Three keys to the season: First, the Blue Jackets, who might consider changing their name to the Columbus doughnuts, have a need to fill an obvious hole in the middle. The offseason depth chart lists newcomer R.J. Umberger as the team's No. 1 center. Now that's interesting. Umberger was the super utility forward in Philadelphia last season, a versatile forward who could play a number of roles, but he never really settled on one line, and despite an outstanding postseason in which he flashed a goal-scoring side he'd been hiding his whole career, Umberger found himself on the trade block.

This is a major concern for the Blue Jackets, who have one of the game's best young left wings in Nash. Nash, however, is going to have far less of an impact without someone to create and get him the puck. The 20-year-old Brassard is more of the prototype top-line center, but he's only got 17 games of NHL experience so that's too much to ask at the outset of the season, if at any point this year. Howson worked to acquire an experienced top-line center, but he quickly learned that the team's that have them don't want to give them up. Either he'll have to keep trying or somebody better step up big time to fill this hole.

Second, it's a much different look on defense, and the unit has to not only do the job in its own end, but also be more mobile and skilled with the first pass to help the offense. Ron Hainsey and Dick Tarnstrom followed Adam Foote (trade deadline departure) out the door as the team welcomes two ex-Rangers – Fedor Tyutin and Christian Backman – along with Mike Commodore to the reshaped unit that includes young vets Jan Hejda, Ole-Kristian Tollefsen and Klesla.

Third, the team really needs some of its blue-chip young talent to emerge and contribute. It could be any forward from an impressive group that includes Jakub Voracek, Nikita Filatov, Tom Sestito, Derek Dorsett, Stefan Legein, Brassard, defenseman Kris Russell or even goalie-of-the-future Steve Mason.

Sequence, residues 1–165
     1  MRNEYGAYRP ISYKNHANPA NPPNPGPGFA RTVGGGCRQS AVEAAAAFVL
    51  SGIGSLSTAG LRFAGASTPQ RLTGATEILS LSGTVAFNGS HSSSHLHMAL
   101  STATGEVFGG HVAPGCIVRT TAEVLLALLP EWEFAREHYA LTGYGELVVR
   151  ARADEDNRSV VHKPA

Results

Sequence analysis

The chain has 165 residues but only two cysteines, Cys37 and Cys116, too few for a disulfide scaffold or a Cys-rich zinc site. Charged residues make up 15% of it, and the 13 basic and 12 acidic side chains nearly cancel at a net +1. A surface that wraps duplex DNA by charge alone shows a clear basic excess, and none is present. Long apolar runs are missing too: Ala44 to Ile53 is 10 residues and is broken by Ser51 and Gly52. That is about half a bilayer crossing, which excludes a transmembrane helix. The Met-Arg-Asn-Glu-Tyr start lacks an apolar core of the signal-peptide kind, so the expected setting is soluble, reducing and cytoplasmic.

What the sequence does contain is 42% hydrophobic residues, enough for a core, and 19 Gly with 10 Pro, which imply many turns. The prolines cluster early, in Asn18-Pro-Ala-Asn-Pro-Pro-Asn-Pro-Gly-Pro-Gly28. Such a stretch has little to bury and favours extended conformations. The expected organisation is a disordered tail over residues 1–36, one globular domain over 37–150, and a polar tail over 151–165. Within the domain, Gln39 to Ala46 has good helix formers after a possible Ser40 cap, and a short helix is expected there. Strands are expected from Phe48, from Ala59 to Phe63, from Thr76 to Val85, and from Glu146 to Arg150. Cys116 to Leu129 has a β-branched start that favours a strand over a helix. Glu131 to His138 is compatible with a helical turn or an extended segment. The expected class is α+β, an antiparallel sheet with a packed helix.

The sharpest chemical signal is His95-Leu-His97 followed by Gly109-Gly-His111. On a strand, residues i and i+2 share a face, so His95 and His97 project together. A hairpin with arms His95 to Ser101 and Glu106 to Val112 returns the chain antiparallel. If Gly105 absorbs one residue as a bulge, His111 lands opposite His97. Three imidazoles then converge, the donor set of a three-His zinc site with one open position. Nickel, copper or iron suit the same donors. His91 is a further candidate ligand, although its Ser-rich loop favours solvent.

On the hot seat: Leclaire set the bar pretty high with the season he had in goal last year. He was second in the league with nine shutouts and constantly worked under the impression he wasn't going to get a lot of goal support. He was right, and he still played well. Now there are expectations that the 25-year-old is a potential All-Star and the man who maybe can do more than should be expected. His results are very much tied to how the defense and team as a whole performs in front of him, but Leclaire has a bit of an injury-plagued history so he's going to have to avoid that bug and be ready to show he can follow a year of success with even more success.

Poised to blossom: Nash was a one-dimensional player before Hitchcock arrived. That one dimension was pretty good, of course. Nash scored 41 goals during his second season in the league at the tender age of 19. But like Hitchcock did for Mike Modano in Dallas, he set out to do the same with Nash last season &ndash transform a superstar offensive threat into a strong two-way player. Nash suddenly found himself challenged defensively by playing on the penalty kill, and he responded. Next, Nash was named team captain late last season shortly after ex-captain Foote was dealt. It is with the opportunity to lead, to show his all-around game and to continue to pile up offensive numbers that Nash embarks with a strong purpose on 2008-09.

Analysis and prediction: The center-ice problem figures to be significant because there are so many difficult match-ups at that position, not only throughout the Western Conference but also particularly in the Central Division – think Detroit and Chicago. You can never put it past Hitchcock to tweak and devise a winning formula, but it's just hard to imagine the Blue Jackets can come far enough to finish in the top eight this season. In fact, they won't, despite getting close.